CES is an excellent place if you’re looking for innovative startups. And, as the final day of CES unfolds, anticipation for a celebratory beverage at an afterparty is palpable.
But before you immerse yourself in the revelry of the afterparties, take a moment to explore just a few European startups exhibiting at CES — you’ll want to track them down:
Have you ever noticed that colours in photos differ across different mobile phones?
In response, Spectricity has developed the “S1” multispectral camera, which provides the information necessary for accurate colour reproduction. It measures the spectrum of light at 16 wavelengths in every camera pixel.
This results in a better white point assessment, which in turn delivers true consistent colours.
The camera can also assess colours more accurately than the naked eye giving an accurate colour representation of everything from paint to skin tone with far-reaching applications from healthcare to skin colour matching in cosmetics.
Even better, this camera can be in any smartphone within two years
My interest is piqued when a company mentions insect brains and AI in the same brief.
Opteran harnesses insect intelligence as a unique alternative to AI and SLAM. Research into insect brains has demonstrated how insects such as ants and honeybees, with only 250,000 and 1 million neurons in their brains respectively, have evolved their behaviour to complete complex navigation tasks consuming micro-watts of power.
In response, the company uses biology and neuroscience to reverse engineer algorithms that evolved over billions of years in insect brains. It provides a practical working solution for machine vision, navigation, collision avoidance and decision-making.
Opteran’s edge-only software uses low-cost cameras and silicon, making it the ideal solution for a wide range of applications, including autonomous robots, autonomous driving and drones; in logistics, construction, and mining industries.
Turin Tech (UK)
TurinTech AI has developed Artemis AI, a state-of-the-art automated code optimisation platform that has enormous benefits for the speed of software development and its carbon emissions.
Artemis AI can optimise code bases in a matter of minutes, resulting in more efficient software. As energy consumption directly correlates with software efficiency, implementing Artemis AI can lead to significant energy savings.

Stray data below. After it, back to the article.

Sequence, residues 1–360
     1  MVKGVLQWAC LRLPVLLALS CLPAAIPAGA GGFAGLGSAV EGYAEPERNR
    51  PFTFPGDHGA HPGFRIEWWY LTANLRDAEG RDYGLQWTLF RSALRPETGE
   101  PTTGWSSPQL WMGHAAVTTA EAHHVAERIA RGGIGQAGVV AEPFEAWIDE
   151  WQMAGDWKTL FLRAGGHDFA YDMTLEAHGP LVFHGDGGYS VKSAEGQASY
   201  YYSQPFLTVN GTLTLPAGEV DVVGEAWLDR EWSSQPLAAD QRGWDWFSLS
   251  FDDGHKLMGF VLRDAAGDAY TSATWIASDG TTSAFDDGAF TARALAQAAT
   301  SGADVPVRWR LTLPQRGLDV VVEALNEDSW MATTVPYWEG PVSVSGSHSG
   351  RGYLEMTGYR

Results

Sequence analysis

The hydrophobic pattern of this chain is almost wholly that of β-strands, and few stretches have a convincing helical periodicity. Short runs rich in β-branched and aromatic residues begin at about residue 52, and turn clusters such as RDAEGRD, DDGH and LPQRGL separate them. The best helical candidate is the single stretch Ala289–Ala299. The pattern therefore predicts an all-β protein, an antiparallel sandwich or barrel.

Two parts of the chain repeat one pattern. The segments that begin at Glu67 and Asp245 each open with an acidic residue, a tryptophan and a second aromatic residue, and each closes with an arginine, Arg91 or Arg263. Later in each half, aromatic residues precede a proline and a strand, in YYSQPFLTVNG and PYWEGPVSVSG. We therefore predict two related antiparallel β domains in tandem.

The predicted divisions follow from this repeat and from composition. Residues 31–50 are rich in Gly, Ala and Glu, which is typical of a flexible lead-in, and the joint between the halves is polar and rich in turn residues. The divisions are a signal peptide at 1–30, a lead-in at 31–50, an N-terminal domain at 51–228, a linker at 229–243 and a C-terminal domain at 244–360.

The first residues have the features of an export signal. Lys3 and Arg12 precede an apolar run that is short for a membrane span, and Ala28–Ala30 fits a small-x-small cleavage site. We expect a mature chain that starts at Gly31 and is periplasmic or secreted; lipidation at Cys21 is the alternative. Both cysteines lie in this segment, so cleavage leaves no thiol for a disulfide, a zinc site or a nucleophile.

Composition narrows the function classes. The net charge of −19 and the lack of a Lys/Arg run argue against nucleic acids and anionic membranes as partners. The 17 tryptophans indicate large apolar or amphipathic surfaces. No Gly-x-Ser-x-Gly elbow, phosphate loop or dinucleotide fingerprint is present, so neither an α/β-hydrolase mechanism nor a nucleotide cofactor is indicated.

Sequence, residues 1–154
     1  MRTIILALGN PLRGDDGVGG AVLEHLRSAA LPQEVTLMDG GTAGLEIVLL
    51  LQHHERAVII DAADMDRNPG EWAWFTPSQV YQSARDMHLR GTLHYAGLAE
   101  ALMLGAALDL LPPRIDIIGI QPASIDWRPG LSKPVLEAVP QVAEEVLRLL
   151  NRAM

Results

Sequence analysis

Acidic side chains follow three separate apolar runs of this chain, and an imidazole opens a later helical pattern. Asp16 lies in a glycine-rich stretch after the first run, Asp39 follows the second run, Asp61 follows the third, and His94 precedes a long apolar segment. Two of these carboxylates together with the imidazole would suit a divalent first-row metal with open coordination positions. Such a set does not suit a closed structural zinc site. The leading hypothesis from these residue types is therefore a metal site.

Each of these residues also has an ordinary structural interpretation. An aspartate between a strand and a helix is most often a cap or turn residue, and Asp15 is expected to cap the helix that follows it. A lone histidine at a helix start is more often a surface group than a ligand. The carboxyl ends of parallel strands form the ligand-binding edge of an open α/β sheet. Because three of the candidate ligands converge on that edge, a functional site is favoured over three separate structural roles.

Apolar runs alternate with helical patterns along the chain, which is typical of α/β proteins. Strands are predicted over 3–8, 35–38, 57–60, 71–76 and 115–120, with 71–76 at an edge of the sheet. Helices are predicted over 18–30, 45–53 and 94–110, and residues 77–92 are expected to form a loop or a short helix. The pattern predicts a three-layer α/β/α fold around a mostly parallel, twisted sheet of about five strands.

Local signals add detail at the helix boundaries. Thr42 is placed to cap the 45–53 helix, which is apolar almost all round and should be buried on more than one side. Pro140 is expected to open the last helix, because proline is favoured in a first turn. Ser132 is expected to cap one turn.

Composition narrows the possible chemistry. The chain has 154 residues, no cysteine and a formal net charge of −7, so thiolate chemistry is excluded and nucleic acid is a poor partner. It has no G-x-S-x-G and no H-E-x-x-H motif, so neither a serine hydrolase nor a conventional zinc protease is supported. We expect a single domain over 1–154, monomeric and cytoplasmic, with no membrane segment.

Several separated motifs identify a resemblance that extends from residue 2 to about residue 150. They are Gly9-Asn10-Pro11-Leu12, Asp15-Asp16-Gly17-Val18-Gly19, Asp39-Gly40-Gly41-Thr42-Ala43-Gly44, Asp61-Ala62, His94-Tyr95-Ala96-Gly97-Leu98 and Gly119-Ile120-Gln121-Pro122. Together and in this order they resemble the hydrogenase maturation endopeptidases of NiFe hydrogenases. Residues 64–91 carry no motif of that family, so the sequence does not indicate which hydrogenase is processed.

LightCode Photonics (Estonia)
Service robots help to solve the increasing labour shortage and high operating costs in various industries, including warehouses, shops, hospitals, etc.
However, their operational efficiency, speed, and safety need improvement. Existing 3D solutions have either the required performance or scalability, but not both.
In response, LightCode Photonics is building the world’s first Software-Defined 3D Camera. It embeds sensors with software-defined capability and provides Lidar performance using accessible commercial off-the-shelf components at an affordable cost.
Its tech can be used to elevate the capabilities of service robots.
Specifically, LightCode has created a high-resolution 3D vision and sensing technology that captures a 1,536-pixel image with a 12-pixel sensor, making a $15 sensor behave like a $1,000 sensor.
Keeping products on the up and up and on track and on time and budget and meeting strict government and industry guidelines can be quite challenging.
Certivity connects the non-digital regulatory world to digital engineering processes, simplifying product compliance for all stakeholders.
Its platform digitises regulatory documents, transforms them into regulatory data, analyses them with AI to find requirements, and connects to engineering processes.
Certivity leverages the latest LLM advances with domain-specific training for information extraction from regulatory data.
This enables customers to streamline their compliance processes, reduce costs and accelerate time-to-market for their products while opening up new ways of collaboration to ensure that compliance and engineering teams work seamlessly together.
Global warming is a critical challenge for bats. Bats are more vulnerable than other mammals of the same size, as water evaporation is exceptionally high due to the large surface area of their wings.
Rising temperatures leave bats less time to hibernate. This makes it harder for them to recover their energy.
30,000 died during the 19 episodes of extreme temperatures in Australia, including a mammoth 23,000 over a two-day heat wave. This situation is exacerbated in warm climate regions with extreme temperatures, such as Southern Europe.
In response, Inveo has launched BatCave Connect, the first thermally insulated and connected house for bats. Made from ultra-light, insulating materials, it features sensors and an application to monitor the health of bats in their new home.
Lead image: Spectricity.